reconciling things

“Allow it all to happen: beauty and terror…” Rilke

I didn’t use to believe in it. But, I did it anyway. Now I believe in it and do it even more. I am speaking of praying for the dead. There is something about it we cannot help. Even people who claim to not believe in Purgation will say things such as, “May they Rest In Peace” or lately I hear a lot, ”May they rest in power.”

If what’s done is done, why the wish for peace and power? It’s not a wish, it’s a prayer. Unless one believes in the power of wishing, I suppose. I have never particularly gotten anything I have wished for. But, certainly have seen answers to prayers.

“Of course I pray for the dead. The action is so spontaneous, so all but inevitable, that only the most compulsive theological case against it would deter me. And I hardly know how the rest of my prayers would survive if those for the dead were forbidden. At our age the majority of those we love best are dead. What sort of intercourse with God could I have if what I love best were unmentionable to Him?” (CS Lewis)

You can google a Biblical defense of the doctrine of Purgation. You can read the Church Fathers. You can read CS Lewis if that is more your speed. I will not try to convince you. Not in this space. Texting with my son tonight about all the theological papers I have proofread and edited over the years and all the ones I will never write, he said, ”Write them now! I would support you in this.” I replied, “For whom? Myself? Besides, I am a mystic and not a theologian.” He said the world had plenty of theologians. People need their hearts strengthened along with their minds.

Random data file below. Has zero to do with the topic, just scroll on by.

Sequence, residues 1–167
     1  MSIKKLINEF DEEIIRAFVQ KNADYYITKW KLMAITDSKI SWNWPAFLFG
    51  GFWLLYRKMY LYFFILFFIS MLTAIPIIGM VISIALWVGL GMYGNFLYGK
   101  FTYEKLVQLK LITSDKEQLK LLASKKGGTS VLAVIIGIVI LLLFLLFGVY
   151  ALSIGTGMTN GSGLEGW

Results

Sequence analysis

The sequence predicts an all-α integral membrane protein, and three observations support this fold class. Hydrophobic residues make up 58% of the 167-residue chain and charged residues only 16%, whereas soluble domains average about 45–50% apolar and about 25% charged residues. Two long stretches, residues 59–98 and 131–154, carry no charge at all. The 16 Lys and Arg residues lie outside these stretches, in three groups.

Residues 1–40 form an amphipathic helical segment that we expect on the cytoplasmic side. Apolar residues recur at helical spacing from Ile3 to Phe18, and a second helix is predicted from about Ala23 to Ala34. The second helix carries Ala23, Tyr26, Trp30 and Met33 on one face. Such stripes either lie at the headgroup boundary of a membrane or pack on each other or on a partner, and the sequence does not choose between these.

So what can I tell you about the comfort of bringing your broken heart before a merciful God? What can I say about asking the Lord for mercy and grace on your loved ones—even those long passed. The great Padre Pio said, “For Our Lord, the past does not exist; the future does not exist. Everything is an eternal present. Those prayers had already been taken into account so that even now I can pray for the happy death of my great-grandfather!” [source]

This weekend, I will pray. I will pause, reflect, fast with intention. Mass will be offered on the East Coast five hours before the Celebration of Life on the West Coast for the repose of the souls of my grandfather Melchizedek Abdelaziz and my aunt Melba Abdelaziz.

On Epiphany they were murdered. (Yes, you read that correctly. Sad truth of it is, it was at the hand of a cousin.) I got the news while in the car with my daughters, coming home from celebrating one of their birthdays. I just sat in the car, so stunned I couldn’t drive. When breath and words came back to me I said, “Remember O’ Most Gracious Virgin Mary, that never it was it know that anyone who fled to thy protection, implored they help, or sought thy intercession was left unaided. Inspired by this confidence I fly unto these of Virgin of Virgins my mother. To thee do I come, before thee I stand, sinful and sorrowful. O’ Mother of the Word Incarnate, despise not my petition, but in thy mercy, hear and answer me. Amen.”

This is the gift of memorized prayers. When you don’t have the words, the Church provides you with words. When you feel like there is no where to turn, the Church catches you. When you feel completely helpless to help the situation, the Church reminds you that God is outside of our time and space, but enters into it for our sake. So we can pray—for the living and for the dead, for those who understand and for those who do not, even for ourselves when we are not sure if we are living or dead, understanding or not. In those moments, God’s all-surpassing greatness and his mercy cannot begin to be overstated. You cannot exaggerate the goodness of God. You can try to misrepresent it (or even weaponize it, as Jonathan Pageau says) but you cannot exaggerate it. Any words you attempt will fall short.